So you have a blog…now what?
If you build it they will come…or will they?
Congratulations…you built yourself a blog, loaded up loads of content, placed a few Adsense widgets here and there because you read somewhere that is where the best advertising revenue is.
Then…nothing. No floods of traffic coming in. No massive conversations going on in the comments building authority and getting you seen by the search engines.
Instead, you may get a few visitors a day, a couple of comments here and there, and maybe a few cents a month from Adsense…if you’re lucky.
Does this mean you have wasted your time?
Not at all. All that has happened is that what used to work doesn’t work as well now.
You see, the way people interact on the internet changes constantly. People used to hang out on forums…until social media came along.
Then, everyone jumped from forums to social media to interact.
Video became popular and with it YouTube.
Facebook jumped on the bandwagon and started ranking videos higher than text-based posts.
The point is…nothing is constant in the world of the internet, or it’s users. Things change fast and you need to keep up.
Ten years ago it was a great idea to have a blog, put up some banner ads and Adsense, and do some SEO to get ranked so you got traffic.
The visitors would come back over and over if they liked your content and they would click on your ads and hold conversations in your comments section of each post.
Now they check out the post, maybe share it to social media, then go back to their social media platform of choice to carry on with their browsing.
So, if that is where your visitors are going and talking, you need to follow them there.
The thing is though, you also need to become a part of the audience. You need to interact with them in many different ways. Not just trying to get people back to your blog (although that is a good thing to try and do) but also contributing something to the conversations that are happening there on social media.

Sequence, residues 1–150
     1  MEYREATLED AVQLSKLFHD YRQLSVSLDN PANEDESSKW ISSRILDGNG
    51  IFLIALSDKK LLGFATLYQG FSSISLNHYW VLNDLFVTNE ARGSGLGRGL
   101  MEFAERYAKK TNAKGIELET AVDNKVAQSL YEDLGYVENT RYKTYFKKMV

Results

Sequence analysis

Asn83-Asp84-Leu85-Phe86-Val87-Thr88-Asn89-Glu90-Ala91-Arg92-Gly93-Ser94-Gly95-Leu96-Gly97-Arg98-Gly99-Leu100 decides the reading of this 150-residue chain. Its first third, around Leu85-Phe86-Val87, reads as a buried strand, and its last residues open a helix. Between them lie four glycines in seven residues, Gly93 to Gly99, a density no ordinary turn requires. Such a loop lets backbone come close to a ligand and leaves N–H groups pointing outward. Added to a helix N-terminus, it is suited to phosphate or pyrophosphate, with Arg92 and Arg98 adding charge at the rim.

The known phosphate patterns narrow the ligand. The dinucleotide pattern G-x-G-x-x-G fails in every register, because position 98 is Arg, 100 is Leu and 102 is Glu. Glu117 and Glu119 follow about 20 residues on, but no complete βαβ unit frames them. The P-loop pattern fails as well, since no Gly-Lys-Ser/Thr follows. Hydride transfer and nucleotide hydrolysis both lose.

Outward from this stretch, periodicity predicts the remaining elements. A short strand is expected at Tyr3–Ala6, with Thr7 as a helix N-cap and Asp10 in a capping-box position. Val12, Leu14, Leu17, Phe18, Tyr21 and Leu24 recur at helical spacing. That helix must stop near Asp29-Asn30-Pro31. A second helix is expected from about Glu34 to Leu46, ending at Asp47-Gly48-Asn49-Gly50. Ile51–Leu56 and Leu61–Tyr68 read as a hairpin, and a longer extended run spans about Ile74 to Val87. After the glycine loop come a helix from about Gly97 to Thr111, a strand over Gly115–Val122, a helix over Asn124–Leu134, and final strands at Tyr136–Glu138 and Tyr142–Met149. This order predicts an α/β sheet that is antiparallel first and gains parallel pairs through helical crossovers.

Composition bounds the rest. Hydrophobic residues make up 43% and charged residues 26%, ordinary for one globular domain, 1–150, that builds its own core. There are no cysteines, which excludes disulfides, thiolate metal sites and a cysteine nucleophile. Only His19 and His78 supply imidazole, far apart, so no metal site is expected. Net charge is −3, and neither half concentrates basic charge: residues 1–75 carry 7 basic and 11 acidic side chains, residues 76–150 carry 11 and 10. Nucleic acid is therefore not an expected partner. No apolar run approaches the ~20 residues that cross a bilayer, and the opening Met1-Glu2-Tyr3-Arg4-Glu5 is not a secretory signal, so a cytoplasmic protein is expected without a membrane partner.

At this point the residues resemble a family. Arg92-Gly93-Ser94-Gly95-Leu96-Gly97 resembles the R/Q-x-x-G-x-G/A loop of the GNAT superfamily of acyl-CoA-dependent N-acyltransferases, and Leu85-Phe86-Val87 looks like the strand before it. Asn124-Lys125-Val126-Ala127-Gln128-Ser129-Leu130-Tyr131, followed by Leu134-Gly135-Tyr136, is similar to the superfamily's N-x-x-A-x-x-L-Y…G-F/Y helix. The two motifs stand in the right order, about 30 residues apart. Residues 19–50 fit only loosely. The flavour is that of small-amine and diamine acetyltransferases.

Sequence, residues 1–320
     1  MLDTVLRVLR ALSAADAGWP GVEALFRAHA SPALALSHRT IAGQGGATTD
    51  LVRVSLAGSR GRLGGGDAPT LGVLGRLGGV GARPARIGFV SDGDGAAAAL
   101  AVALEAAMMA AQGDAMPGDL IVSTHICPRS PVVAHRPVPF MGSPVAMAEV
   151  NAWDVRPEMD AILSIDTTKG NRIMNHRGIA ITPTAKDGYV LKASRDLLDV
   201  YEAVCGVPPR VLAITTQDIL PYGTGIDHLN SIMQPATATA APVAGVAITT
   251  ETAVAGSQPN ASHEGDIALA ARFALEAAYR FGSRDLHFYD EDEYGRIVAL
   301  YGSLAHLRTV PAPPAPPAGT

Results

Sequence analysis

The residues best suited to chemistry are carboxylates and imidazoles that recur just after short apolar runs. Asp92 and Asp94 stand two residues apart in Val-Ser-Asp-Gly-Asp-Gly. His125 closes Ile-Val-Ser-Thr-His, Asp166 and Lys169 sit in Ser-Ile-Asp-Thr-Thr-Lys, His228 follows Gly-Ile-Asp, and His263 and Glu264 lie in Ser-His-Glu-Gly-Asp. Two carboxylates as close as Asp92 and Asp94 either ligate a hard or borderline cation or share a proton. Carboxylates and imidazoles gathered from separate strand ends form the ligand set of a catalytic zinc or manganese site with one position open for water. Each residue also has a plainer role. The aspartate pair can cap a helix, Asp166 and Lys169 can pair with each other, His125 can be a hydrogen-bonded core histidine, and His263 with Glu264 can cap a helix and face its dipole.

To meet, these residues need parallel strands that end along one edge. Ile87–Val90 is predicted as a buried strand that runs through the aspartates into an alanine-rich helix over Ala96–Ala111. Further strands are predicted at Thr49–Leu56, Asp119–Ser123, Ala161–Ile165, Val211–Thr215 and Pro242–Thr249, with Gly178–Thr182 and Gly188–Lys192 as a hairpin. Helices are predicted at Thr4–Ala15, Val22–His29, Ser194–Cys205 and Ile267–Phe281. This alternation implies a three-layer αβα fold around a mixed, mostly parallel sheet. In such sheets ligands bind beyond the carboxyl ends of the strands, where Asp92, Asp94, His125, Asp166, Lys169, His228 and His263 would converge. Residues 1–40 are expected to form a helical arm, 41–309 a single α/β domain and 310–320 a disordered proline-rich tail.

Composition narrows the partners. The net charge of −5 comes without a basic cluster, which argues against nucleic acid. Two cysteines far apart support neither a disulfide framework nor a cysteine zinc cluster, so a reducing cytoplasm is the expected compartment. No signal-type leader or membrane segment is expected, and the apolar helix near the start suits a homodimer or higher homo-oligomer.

The blog is no longer the main attraction…you are. You need to be ‘followable’. Great content on your blog is all well and good but if nobody knows about it what good is it really?
Kam Jennings recently interviewed a veteran blogger, Kevin Muldoon on this very subject and there are some very interesting points raised there.
As discussed in the interview, a lot of revenue that used to be easy to generate from blogs is no longer there. There are adblockers that mean people just won’t see any ads on your blog anymore.
So the smart thing is to embed affiliate links in your content. Great…but you still need to get people to read your content and click on them.
This means your content needs to be interesting enough to hold your reader’s attention. It has to be compelling enough to describe a problem and offer up a solution (available through your link).
Too much of that though, and people will stop reading because they are going to get to know what to expect.
The next challenge then seems to be unpredictable enough to arouse curiosity in your visitors. If they don’t know what they are going to get every time they visit your blog, they are more likely to keep coming back. People like surprises I think. It is a more interesting experience for them.
Does this mean the blog is dead?
Here is my position on it. Not dead…just not as effective as it used to be.
Instead of the blog being the main component to your online presence…it now becomes something different.
I agree with Kam on what he discusses in the interview around the 22 minute mark, blogging is not dead but the way we need to use it has changed.
Your audience now ‘lives’ in many different places on the internet so that is where you need to interact with them. Getting their attention is now much more difficult due to the nature of social media.
I think that in the future audiences are going to become more and more fragmented as more social media platforms come and go. This is why trying to build a subscriber list is so important. It is your audience all in one place.
I am not just talking about email subscribers here though. Social media audiences (friends, followers, subscribers) are as important as email subscribers…if not more so.
In conclusion…blogging, in my opinion, is not dead…but it does serve a different role than it did a few years ago. Also, email subscribers are still very important…but so are other types of subscribers (social media audiences).
Your audience not going to come to you…meaning you need to go to them, and connect on a more personal level.